In response to Monday's killings, President Donald Trump tweeted that a "wonderful family and friends from Utah got caught between two vicious drug cartels, who were shooting at each other, with the result being many great American people killed."
Trump added that the United States was "ready, willing and able" to help Mexico "in cleaning out these monsters," should Mexico want assistance.
Mexican President Andrés Manuel López Obrador said that while he had not seen Trump's tweet, he was sure it was "in the spirit of cooperating... I am sure he has not been disrespectful. Every time we talk it is with that spirit of helping, which we appreciate very much."
He later, though, said a war on dugs was a bad idea.
"The worst thing is war … those who have lived war, suffered from war, know what that means… It is the opposite of politics, war is synonymous to irrationality, war is irrational," he said.
Mexico's national civil defense agency confirmed that elements of the National Guard, the army and the state police were conducting a search operation in the Bavispe municipality of Sonora, where La Mora is, on Monday night. It provided no other information.
The U.S. ambassador to Mexico, Christopher Landau, said in a tweet in Spanish that "the safety of our fellow citizens is our top priority. I am closely following the situation in the mountains between Sonora and Chihuahua."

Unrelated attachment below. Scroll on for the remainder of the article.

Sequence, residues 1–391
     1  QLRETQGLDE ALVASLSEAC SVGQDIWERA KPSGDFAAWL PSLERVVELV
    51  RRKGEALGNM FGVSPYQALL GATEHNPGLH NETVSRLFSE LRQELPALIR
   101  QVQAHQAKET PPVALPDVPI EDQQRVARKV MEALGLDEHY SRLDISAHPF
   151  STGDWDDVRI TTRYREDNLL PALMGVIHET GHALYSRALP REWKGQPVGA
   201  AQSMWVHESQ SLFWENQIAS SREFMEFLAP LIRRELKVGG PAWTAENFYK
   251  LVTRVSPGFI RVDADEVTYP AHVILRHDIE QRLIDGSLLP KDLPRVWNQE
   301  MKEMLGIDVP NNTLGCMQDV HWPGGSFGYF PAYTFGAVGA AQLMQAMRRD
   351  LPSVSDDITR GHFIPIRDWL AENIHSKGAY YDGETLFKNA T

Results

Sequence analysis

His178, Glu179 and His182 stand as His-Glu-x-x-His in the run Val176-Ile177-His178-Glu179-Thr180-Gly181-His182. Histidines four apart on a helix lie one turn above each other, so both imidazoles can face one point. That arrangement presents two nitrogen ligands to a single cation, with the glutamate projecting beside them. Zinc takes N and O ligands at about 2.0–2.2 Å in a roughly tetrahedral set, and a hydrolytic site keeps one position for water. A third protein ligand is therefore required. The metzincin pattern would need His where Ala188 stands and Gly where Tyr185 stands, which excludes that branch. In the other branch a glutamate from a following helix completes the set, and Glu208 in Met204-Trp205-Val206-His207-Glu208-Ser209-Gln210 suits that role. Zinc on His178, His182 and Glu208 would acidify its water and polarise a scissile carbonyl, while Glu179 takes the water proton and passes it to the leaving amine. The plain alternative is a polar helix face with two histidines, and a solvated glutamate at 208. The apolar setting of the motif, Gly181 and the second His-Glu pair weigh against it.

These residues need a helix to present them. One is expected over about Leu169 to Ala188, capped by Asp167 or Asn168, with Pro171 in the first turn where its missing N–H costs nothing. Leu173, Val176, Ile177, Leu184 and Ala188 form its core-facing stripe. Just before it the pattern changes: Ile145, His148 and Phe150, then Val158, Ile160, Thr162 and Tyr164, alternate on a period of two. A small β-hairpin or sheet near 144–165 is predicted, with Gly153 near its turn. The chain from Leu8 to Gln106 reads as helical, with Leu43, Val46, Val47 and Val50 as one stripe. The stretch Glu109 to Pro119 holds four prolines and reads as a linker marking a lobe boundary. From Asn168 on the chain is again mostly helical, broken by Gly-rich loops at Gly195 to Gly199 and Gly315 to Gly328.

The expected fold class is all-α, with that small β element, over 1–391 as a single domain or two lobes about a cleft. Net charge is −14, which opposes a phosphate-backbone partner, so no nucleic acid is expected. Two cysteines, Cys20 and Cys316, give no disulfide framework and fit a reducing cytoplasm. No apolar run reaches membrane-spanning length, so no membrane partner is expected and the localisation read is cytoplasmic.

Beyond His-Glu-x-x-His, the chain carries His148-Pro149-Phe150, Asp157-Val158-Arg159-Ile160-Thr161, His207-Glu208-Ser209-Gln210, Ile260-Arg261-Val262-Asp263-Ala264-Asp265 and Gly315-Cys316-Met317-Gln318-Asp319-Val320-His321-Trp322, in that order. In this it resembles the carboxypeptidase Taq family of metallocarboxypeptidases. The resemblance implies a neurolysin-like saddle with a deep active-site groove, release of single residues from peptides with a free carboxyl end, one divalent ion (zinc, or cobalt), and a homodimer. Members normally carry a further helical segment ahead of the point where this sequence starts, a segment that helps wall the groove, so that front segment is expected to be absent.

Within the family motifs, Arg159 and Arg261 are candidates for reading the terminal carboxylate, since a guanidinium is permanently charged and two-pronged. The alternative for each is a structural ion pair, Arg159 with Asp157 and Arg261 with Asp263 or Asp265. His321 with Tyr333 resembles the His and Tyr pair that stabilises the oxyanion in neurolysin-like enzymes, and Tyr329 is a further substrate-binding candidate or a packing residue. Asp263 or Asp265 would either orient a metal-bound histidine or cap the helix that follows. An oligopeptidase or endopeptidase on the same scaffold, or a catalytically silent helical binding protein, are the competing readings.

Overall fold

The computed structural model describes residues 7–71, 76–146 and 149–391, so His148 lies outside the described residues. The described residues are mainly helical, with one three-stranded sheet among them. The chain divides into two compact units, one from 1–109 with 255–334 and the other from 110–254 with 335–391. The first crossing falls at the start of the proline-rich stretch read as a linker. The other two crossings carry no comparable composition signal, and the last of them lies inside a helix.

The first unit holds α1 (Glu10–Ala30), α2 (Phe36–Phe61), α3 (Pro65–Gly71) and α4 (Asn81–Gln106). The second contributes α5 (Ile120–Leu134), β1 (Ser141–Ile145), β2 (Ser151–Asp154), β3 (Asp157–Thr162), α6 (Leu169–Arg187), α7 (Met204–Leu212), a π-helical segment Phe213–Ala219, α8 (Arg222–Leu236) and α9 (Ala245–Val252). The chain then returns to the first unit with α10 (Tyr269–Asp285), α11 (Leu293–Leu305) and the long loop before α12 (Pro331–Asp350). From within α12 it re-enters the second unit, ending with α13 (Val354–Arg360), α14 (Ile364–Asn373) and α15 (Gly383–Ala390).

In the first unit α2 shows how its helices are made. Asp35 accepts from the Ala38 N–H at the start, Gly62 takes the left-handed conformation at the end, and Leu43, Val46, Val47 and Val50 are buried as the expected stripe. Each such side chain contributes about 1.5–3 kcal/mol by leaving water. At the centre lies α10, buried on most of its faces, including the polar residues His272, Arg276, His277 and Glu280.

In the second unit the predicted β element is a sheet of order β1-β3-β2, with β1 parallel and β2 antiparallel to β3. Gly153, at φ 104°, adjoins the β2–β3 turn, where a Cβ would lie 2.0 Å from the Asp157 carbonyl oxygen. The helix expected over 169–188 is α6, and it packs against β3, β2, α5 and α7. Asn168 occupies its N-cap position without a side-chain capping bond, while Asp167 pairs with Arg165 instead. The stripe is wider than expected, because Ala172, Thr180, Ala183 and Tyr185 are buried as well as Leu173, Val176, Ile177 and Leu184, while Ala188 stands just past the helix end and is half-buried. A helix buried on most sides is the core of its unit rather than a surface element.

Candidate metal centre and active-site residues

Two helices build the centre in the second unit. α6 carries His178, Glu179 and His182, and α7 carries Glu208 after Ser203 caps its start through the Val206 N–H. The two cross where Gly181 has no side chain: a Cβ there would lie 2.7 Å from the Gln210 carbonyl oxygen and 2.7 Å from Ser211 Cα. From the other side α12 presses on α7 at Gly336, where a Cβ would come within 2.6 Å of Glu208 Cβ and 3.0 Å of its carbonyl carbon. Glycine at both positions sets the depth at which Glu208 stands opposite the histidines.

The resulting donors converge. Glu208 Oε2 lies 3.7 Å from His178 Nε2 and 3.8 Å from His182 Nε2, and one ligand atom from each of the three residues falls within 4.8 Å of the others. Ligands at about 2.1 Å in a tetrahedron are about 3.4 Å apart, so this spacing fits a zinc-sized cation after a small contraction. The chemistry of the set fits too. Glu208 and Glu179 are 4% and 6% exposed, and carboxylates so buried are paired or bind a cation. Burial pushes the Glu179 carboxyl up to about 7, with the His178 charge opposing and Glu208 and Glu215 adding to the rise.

Landau, who earlier in the day said he was on his way to Sonora, did not share details of the incident. The U.S. State Department also said it was aware of the reports but had no further comment.
"I don't know what kind of monsters dare to hurt women and children."
Claudia Pavlovich Arellano, the governor of Sonora, said on Twitter late Monday that "as a mother," she was filled with deep pain by "the cowardly acts in the mountains between Sonora and Chihuahua."
"I don't know what kind of monsters dare to hurt women and children," Pavlovich said.
Senator for Sonora, Lilly Téllez, said on Twitter “the massacre in Sonora cannot go unpunished.”
Manuel Añorve Baños, another Mexican senator, called what happened “a despicable, merciless and savage act” in a tweet, adding: “We demand justice.”